Advantages And Disadvantages Of Developing Companies In Developing Countries

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Low economic growth rates, obsolete technology, low levels of capital, high rates of unemployment and poor standards of living are the characteristics of developing countries, according to UNCTAD (2008). From the above research it is evident that multinationals will experience advantageous and disadvantageous environments when setting up in developing countries.
The rise of capitalism during the 19th century in Europe facilitated multinational foreign direct investment into developing economies from organisations primarily controlled from France, Germany, Britain and Holland, (United Nations Conference on Trade and Development, 2008).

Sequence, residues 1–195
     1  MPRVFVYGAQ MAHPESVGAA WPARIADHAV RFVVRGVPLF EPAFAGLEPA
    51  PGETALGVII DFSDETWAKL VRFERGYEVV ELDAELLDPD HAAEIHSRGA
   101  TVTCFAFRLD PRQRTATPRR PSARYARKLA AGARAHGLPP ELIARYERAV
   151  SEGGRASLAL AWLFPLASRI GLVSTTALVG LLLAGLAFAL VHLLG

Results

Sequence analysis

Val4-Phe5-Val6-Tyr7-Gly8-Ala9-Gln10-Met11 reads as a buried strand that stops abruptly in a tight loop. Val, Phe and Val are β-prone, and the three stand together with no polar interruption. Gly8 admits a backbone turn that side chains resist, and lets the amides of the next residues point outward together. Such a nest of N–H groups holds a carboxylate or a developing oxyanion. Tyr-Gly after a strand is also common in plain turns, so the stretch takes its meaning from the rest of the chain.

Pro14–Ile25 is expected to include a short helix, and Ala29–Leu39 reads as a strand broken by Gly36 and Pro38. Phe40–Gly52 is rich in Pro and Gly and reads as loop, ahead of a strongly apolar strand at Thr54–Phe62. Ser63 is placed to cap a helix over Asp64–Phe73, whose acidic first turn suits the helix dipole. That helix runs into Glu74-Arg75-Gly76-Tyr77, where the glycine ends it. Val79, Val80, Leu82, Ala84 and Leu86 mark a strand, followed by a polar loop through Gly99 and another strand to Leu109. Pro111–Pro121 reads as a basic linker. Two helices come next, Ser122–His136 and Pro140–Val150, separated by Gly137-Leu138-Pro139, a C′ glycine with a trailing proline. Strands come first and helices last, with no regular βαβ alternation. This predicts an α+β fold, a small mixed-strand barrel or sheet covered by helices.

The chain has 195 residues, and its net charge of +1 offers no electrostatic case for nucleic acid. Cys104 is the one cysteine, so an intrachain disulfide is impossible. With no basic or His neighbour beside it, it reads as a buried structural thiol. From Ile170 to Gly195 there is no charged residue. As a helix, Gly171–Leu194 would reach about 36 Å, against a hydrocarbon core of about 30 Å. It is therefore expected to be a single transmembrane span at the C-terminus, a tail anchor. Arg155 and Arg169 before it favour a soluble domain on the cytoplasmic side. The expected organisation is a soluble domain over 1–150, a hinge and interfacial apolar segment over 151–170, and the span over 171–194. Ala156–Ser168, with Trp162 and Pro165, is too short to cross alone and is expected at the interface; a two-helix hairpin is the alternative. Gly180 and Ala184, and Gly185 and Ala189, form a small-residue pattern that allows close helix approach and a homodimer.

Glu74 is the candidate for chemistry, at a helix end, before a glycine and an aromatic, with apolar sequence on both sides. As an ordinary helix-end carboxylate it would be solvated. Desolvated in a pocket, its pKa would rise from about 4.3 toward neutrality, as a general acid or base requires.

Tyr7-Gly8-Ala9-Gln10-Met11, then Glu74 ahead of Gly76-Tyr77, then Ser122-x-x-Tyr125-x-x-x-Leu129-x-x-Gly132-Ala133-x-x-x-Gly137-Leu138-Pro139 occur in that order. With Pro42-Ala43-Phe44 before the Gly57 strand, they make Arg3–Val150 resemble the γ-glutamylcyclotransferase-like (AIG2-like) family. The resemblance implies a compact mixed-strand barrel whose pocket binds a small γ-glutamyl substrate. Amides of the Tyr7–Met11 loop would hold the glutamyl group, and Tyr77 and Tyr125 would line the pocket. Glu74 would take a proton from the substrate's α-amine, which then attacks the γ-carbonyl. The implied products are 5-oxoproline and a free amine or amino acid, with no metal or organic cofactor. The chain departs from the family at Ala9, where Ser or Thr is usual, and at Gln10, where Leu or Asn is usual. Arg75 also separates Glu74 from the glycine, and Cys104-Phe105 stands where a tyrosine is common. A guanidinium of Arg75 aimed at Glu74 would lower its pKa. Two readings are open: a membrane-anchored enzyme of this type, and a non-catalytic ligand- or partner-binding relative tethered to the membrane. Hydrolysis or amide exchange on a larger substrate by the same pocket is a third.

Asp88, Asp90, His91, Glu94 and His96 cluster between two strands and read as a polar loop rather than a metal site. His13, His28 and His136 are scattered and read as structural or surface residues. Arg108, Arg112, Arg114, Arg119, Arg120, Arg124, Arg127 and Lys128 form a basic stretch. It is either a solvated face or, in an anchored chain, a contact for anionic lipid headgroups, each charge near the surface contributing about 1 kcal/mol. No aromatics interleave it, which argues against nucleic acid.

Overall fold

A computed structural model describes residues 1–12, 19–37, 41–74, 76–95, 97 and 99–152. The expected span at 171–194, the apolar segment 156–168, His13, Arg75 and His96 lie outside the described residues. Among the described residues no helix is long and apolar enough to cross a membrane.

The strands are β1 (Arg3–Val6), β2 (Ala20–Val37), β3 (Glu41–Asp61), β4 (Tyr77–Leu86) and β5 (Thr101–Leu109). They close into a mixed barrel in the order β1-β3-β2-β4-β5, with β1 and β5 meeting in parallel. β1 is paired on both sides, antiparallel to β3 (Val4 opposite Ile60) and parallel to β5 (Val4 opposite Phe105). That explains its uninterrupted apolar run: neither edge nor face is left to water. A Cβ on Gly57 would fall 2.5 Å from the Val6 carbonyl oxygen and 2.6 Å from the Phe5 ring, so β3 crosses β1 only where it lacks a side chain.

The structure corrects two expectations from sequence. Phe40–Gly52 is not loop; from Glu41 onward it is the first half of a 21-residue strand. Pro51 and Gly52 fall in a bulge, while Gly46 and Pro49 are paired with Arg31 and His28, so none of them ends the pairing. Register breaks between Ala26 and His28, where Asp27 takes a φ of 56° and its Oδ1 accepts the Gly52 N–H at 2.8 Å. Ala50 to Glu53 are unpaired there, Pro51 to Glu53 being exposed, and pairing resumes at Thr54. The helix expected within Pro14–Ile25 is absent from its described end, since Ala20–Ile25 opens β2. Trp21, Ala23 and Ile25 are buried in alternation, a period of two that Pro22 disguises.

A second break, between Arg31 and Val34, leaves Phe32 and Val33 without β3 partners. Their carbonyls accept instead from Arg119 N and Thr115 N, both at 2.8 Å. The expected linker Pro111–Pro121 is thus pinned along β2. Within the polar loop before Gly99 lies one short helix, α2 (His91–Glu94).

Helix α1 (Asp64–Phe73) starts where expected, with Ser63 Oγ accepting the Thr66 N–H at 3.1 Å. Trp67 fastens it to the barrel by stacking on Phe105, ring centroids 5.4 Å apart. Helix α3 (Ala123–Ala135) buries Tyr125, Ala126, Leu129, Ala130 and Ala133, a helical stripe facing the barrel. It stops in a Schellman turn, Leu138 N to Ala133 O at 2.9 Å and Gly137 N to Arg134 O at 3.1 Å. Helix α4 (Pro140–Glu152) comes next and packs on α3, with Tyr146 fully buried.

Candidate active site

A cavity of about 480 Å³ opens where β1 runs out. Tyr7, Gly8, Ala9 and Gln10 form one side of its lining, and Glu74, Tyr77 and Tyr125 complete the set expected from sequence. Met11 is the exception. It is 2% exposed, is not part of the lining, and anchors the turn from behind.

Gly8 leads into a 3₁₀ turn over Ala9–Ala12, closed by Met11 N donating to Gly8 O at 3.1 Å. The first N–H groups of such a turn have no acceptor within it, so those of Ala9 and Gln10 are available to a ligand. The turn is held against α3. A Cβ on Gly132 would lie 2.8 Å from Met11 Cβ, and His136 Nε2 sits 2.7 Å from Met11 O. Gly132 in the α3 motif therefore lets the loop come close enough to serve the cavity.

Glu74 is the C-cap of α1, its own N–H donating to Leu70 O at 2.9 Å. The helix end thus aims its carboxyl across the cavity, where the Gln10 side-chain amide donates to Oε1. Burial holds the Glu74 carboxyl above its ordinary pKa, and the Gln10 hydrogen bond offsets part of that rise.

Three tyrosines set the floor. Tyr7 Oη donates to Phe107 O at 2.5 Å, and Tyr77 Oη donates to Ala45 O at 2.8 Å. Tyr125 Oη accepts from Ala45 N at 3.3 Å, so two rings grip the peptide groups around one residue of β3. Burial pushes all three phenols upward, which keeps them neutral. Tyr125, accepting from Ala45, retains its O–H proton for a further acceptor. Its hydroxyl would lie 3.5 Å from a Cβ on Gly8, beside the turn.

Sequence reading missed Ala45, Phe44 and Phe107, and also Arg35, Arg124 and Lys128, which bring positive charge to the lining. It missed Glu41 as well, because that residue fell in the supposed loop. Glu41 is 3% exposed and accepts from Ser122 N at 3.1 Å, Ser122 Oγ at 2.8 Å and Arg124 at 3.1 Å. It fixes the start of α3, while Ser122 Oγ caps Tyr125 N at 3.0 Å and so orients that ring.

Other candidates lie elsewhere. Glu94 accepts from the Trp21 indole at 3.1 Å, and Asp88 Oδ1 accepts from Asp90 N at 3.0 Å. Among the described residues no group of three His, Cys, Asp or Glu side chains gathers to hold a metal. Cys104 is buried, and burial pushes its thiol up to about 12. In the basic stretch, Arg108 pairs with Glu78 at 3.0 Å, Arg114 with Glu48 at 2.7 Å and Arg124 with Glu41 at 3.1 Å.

Dunning 's eclectic paradigm, Rugman (2010) states that multinational enterprises must conform to three prerequisites for their existence. Firstly, host countries must offer certain location-specific advantages to entice multinational enterprises to invest there. Secondly, to counteract with some strategic capabilities with foreign markets, the company must provide unique strategic competencies or inherent-specific advantages. Lastly, companies must have some internalisation advantages or organisational capabilities to earn good returns from leveraging its strategic strengths internally rather than externally through licenses or contracts, (Rugman, 2010).
Originally, one of the key motives for companies investing abroad was to secure key materials to be used during the production process, (Rugman, 2010). Organisations such as Standard Oil
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